According to the History of Glacier National Park
Mount Kipp is "presumed to have been named for Joe Kipp, a half-breed Indian trapper and hunter of the early days. Joe's father was Captain James Kipp, who built the trading post at Fort Piegan, at the mouth of the Marias River in 1831"
Sue Lake from Mt Kipp
Mt Kipp is a moderate scramble from Fifty Mountain Camp if you happen to be in the area. The views from this point far exceed any other reason one may have for climbing up to the summit. To do this as a day hike, as I did, is a bit of a reach for many thus I suggest trying to spend several days at Fifty Mountain Camp and climb other peaks such as Cathedral and Pyramid peaks as well after hauling your gear in. Another possibility might be day hikes from Fifty Mountain Camp to climb peaks such as Vulture, Trapper, Geduhn, Nahsukin and Redhorn, some of which can be climbed in combinations. The approach I used is the Flattop Mountain trail which is about 12 miles from Packer’s Roost to Fifty Mountain Camp.
Mt Cleveland from Kipp
The Northern Highline trail is about 12 miles from Granite Park Chalet, but you must climb around 4 additional miles from the loop to get to the Chalet unless you are already spending the night there.
Cathedral Peak from Kipp
Glacier National Park is located in the NW part of the state and extends up to the Canadian border which it shares with Waterton National Park of Canada. The nearest airport is Kalispell. Amtrac stations are in Whitefish, W Glacier and E Glacier. Depending on your travel plans, it may be worthwhile to fly to Spokane, WA and pick up a rental vehicle. Some rentals there may be more user friendly on multiple state use and mileage allowances as well as price.
The trailhead, at Packer’s Roost, is on the west side of the park about 1 ½ miles below the Loop. There is a sign on the road that warns of trucks and a gravel road that exits the GTS highway on the west side and goes to the Packer’s Roost from which supplies are packed up to Granite Park chalet
Registration for day climbs in Glacier National Park is recommended, but not mandatory.
National Park entrance fees apply in Glacier National Park. See Entrance Fees
Mt Merritt from Kipp
There are many camping sites available at Glacier Park; backcountry, as well as car camping. Due to the large number of grizzly and even larger number of black bears who inhabit the area, there are strict guidelines for storage of food. Most of the backcountry campgrounds have facilities for hanging your food from cables or bear proof poles, but you need adequate lines to hoist your packs, etc 15 or 20 feet off the ground. If you are seeking an “undesignated area” camping permit, the rangers may require you to use a bear barrel to protect your food. Hanging your packs is a good idea, since I have seen damaged packs from chewing by rodents. The GNP rangers require you to view an informational video annually before you can purchase your first backcountry permit.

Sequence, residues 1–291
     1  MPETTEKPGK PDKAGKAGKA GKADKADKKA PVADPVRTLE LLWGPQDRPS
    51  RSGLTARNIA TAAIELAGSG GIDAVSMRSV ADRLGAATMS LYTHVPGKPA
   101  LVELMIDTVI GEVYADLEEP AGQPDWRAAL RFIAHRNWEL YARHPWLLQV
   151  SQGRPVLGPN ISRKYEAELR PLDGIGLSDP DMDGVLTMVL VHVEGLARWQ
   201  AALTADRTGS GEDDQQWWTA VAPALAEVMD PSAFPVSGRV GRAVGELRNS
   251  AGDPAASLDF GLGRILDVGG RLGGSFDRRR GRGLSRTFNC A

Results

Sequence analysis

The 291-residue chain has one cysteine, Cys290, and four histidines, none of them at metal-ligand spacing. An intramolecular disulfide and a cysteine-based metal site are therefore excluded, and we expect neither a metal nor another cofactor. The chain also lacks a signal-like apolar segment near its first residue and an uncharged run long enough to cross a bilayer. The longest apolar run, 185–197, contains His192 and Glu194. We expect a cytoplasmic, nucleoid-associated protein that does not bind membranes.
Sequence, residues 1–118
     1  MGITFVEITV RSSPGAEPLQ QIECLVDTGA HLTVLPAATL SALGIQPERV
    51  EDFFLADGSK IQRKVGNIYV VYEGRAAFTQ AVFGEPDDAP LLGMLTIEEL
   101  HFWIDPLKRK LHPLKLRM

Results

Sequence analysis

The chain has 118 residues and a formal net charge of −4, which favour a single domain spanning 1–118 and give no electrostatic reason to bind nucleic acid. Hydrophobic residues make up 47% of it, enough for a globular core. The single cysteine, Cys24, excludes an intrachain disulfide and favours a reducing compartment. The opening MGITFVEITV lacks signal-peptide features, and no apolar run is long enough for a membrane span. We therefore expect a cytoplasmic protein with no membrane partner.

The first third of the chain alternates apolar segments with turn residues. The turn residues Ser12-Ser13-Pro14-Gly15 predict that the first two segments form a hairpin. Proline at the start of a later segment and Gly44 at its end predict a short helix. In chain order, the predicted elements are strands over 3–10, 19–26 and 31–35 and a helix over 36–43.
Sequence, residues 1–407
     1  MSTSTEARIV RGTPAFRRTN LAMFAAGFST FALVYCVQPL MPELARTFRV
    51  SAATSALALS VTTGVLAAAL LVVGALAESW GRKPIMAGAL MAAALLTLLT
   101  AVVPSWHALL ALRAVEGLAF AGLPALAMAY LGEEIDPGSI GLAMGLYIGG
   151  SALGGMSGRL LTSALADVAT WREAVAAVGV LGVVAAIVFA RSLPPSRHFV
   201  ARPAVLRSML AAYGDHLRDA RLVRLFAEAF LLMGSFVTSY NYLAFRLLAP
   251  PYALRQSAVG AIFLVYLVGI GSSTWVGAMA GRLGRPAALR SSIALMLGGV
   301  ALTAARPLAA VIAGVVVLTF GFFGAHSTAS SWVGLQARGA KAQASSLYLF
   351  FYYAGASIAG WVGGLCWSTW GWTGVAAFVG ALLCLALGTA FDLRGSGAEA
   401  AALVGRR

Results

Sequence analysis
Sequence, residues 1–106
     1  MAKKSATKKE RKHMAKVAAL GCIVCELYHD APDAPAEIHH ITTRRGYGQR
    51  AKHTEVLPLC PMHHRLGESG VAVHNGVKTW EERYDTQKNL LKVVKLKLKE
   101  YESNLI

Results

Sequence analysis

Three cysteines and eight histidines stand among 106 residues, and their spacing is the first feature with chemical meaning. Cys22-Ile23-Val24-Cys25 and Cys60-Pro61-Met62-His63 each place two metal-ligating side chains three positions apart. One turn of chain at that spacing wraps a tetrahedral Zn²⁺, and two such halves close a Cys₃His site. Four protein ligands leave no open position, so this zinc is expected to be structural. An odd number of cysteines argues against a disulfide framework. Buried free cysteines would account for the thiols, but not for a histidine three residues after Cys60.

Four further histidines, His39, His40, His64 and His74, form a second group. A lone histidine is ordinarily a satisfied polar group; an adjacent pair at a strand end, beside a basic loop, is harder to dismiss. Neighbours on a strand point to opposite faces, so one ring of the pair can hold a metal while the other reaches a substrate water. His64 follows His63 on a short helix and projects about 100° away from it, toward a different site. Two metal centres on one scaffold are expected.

GNP Campground Status and Info
Backcountry Camping Info
Backcountry Camping Sites
Chaney Glacier from Kipp
Guidebook: A Climber’s Guide to Glacier National Park
Trail guide: Hiking Glacier and Waterton Lakes National Parks
Glacier Mountaineers Society
route in red
From Fifty Mountain Camp, you can just head SE up the scree slopes as indicated on my route photo in red. An alternate route described by Edwards in his climbing guide heads up from the highline trail to the Sue Lake Overlook and then traverses a short distance south entering a steep vertical couloir (Class 3) to the ridgetop and on to the summit.
View East from Kipp
There are a multitude of variations available to anyone climbing Mt Kipp and I followed the highline trail south from Fifty Mountain Camp for a short distance to gain some easy elevation before heading up.